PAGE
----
Global energy amusement

On the day that OPEC trashed Ben Bernanke’s greatest hope of a bounce in the US economy, we offer the following global energy roundup from BP, chock full of interesting detail on production and consumption of oil, gas and coal. Makes for hours of scary reading! (h/t Zero Hedge)

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    • BTW, Scribd imbedded documents are sluggish to navigate.

      Blame Steve Jobs. Scribd used to use Flash, but Jobs banned Flash on iPhone/iPod, so Scribd and others have been forced to develop “HTML5” alternatives.

    • But the report clearly illustrates the enormous rise in energy consumption as the developing world grows. China’s relative increase is extraordinary. Much energy consumption is clearly unsustainable long term at equivalent levels, let alone increased levels.

      Still, we really do have several decades to develop alternative energy sources and renewables (hopefully Senor Rossi’s explorations will come to fruition). It will happen, but reports like these are definitely timely reminders that much (but by no means all) of our energy is finite. I’m confident of solutions being found.

      Short term – somewhat cynically, I wouldn’t want to be Iran and is Qatar on good terms with the US?

  1. Great data, shame about the report.

    Take the difference between oil production and oil consumption.

    Oil production = conventional oil + shale oil + natural gas liquids

    Oil consumption = conventional oil + shale oil + natural gas liquids + biofuels

    This lets them say oil production is stalled (at 82mbd) but oil consumption has continued to grow (to 87.5mbd with biofuels)… so nothing to worry about, right?

    And then in the 2030 outlook, oil production increases another 541 million tonnes/year (10.8mbd) but 473 million tonnes/year (9.5mbd) is supposed to come from the Middle East.

    Then you look at Middle East oil production, and it has essentially stalled at 25mbd since 2005, at a time when high oil prices have crippled the world economy. Ok yes, Iraq might come to the rescue with an additional 8.5mbd, but is that going to help as the rest of the Middle East enters the phase of declining production? Or should we continue to believe that unlike the rest of the world, Middle East reserves never decrease with production? (have a look at their reserve figures supplied by BP… they only make step changes upwards!)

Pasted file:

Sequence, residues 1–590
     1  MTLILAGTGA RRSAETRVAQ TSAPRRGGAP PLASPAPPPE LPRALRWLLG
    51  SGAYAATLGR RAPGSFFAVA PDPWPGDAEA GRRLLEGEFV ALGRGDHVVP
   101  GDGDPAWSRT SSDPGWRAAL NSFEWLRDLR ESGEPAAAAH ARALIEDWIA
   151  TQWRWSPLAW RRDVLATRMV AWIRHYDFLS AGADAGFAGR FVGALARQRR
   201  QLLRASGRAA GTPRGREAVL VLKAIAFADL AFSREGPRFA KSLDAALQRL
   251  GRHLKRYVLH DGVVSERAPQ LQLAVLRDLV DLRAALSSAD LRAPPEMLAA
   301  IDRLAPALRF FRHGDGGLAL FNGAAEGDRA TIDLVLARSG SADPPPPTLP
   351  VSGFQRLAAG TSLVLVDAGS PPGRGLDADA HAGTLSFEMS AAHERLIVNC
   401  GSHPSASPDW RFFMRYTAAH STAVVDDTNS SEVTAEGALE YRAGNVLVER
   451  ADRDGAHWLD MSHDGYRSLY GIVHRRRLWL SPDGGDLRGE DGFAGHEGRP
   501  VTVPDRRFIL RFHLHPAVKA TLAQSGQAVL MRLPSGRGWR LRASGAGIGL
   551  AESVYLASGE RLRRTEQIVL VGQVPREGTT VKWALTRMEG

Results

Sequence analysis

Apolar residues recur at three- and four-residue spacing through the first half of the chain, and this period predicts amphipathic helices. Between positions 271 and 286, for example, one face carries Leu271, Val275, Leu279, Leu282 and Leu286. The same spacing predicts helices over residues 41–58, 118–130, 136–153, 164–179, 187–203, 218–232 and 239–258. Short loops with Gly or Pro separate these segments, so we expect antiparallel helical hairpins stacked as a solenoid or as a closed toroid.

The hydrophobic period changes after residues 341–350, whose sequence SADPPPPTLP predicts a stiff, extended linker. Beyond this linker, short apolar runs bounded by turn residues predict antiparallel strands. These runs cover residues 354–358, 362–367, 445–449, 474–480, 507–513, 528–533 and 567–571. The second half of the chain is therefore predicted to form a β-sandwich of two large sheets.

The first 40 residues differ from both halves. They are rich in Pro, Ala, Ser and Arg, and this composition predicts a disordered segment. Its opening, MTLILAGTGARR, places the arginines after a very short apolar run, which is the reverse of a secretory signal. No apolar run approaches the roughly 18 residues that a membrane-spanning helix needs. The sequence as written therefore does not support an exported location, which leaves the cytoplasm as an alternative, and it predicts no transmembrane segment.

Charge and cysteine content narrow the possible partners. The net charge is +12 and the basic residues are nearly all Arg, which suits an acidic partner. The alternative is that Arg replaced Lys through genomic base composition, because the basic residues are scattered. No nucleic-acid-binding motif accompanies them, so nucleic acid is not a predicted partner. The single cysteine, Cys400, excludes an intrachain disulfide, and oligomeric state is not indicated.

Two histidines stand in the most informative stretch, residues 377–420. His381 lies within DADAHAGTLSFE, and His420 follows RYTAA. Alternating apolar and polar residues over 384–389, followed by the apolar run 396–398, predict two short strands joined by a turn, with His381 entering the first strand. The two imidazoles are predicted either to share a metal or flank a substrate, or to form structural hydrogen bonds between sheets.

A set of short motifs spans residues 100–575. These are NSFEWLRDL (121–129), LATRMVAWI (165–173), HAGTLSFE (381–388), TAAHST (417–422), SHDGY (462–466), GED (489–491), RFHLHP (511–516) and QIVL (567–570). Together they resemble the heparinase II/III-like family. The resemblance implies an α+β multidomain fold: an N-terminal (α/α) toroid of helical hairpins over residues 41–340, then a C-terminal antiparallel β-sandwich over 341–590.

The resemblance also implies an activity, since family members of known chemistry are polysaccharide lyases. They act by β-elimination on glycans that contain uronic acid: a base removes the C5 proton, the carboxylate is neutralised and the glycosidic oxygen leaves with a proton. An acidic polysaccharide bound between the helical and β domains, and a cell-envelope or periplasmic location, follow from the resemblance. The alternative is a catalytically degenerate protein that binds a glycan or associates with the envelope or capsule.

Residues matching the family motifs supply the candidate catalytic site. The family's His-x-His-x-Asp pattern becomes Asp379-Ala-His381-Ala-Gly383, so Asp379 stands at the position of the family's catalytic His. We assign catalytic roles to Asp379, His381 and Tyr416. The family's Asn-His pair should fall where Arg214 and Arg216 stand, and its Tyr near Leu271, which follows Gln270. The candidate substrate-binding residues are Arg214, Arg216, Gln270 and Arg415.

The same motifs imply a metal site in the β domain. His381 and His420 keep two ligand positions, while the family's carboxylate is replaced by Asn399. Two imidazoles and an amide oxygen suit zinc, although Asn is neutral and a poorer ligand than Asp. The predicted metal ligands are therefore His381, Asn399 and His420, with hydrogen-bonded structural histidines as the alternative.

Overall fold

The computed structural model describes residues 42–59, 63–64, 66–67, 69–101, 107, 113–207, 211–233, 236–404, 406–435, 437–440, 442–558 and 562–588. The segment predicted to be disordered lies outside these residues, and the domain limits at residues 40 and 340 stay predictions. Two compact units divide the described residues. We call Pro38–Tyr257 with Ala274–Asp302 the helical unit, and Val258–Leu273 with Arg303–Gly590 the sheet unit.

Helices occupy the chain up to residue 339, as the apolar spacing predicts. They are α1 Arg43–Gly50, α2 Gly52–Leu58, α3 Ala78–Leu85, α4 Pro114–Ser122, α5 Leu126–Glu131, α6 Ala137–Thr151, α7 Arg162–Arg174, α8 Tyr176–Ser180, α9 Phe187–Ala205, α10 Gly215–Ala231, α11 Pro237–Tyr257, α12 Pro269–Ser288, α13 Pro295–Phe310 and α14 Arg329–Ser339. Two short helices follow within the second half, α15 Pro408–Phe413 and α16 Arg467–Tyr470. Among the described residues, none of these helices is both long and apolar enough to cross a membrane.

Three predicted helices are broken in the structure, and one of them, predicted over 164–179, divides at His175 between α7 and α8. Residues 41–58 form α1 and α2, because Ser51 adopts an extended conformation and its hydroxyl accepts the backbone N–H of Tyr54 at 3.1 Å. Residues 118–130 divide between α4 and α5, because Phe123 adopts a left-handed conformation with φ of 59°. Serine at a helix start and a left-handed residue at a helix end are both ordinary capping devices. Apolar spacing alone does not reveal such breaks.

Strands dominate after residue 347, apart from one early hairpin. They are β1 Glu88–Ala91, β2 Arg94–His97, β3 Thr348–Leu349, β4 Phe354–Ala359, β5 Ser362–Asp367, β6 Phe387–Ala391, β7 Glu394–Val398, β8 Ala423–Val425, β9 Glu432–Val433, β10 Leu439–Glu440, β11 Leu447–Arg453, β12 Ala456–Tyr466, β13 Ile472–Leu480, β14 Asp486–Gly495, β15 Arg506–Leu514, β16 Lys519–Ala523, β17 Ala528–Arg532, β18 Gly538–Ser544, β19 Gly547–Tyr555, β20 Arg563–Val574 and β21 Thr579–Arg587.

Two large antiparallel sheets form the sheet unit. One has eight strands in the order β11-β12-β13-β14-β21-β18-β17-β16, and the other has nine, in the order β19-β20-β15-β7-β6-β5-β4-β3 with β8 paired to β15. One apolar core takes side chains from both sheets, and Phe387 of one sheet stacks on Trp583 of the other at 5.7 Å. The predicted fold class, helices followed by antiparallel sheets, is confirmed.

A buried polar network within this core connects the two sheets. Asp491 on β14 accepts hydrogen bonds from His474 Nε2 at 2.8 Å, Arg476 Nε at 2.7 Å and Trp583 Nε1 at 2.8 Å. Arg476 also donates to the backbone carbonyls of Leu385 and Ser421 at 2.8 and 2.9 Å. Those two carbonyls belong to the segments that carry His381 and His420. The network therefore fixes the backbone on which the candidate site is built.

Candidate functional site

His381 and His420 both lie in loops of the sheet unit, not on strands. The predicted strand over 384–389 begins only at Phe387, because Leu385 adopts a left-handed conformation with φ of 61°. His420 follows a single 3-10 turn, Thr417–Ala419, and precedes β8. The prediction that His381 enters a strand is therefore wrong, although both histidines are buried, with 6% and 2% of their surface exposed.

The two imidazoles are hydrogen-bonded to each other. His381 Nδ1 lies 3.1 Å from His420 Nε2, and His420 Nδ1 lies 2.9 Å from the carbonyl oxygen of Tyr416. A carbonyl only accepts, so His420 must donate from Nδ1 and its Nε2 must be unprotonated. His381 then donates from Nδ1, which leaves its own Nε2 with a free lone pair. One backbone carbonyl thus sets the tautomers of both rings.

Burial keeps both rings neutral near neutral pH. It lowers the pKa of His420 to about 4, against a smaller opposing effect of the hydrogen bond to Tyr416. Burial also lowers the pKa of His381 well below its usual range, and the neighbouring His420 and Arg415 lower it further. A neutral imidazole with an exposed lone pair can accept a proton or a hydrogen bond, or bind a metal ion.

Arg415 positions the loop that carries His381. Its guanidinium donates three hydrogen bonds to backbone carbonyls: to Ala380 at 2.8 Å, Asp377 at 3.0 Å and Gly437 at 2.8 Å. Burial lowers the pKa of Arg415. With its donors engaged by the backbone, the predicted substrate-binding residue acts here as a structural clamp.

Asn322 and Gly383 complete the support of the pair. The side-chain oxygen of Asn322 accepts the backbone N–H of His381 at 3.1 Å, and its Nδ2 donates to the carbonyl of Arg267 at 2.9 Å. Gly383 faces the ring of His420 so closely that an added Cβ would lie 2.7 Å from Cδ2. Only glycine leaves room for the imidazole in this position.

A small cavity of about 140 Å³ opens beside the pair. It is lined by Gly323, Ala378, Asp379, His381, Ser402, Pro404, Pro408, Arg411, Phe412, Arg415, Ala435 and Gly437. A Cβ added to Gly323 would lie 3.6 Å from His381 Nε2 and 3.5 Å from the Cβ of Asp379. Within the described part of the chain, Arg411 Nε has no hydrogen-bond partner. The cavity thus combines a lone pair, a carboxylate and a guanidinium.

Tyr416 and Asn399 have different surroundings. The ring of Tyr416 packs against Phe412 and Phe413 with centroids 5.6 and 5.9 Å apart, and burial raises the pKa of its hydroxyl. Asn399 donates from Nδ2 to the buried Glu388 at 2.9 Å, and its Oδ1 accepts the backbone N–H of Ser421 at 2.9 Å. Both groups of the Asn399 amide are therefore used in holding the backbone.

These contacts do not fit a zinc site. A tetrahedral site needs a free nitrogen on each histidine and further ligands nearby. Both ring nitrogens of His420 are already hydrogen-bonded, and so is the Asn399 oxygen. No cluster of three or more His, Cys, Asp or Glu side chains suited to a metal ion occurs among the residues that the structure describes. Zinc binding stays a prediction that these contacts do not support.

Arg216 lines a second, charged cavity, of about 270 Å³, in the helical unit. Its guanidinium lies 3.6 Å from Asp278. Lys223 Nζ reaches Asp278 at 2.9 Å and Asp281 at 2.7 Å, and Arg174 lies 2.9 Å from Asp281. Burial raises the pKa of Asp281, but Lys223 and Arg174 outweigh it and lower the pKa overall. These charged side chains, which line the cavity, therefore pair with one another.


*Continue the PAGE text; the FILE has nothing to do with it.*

At the same time it is placing considerable faith in unconventional oil to replace conventional oil. From the IEA’s latest report, you can see that 70% of conventional oil production will need to be replaced in the next 30 years. This is to be done by NGL’s, deepwater oil, oil fields yet to be developed and ‘oil yet to be found’. I prefer to call it ‘oil that doesn’t exist’ but I suppose technically they are the same.

    To then expect unconventional oil production to increase a further 15% on top of this is a tad optimistic.

  2. And look at Chinas coal production!!!!!!!!!!!!!

    You would think that as China already produces half the worlds coal, if China hits peak coal production then the world will hit peak coal production.

    Also interesting that despite producing 14Gt of coal since 2006, their coal reserves have remained unchanged at 114.5Gt (got that from EIA survey ‘World Estimated Recoverable Coal’ 2006)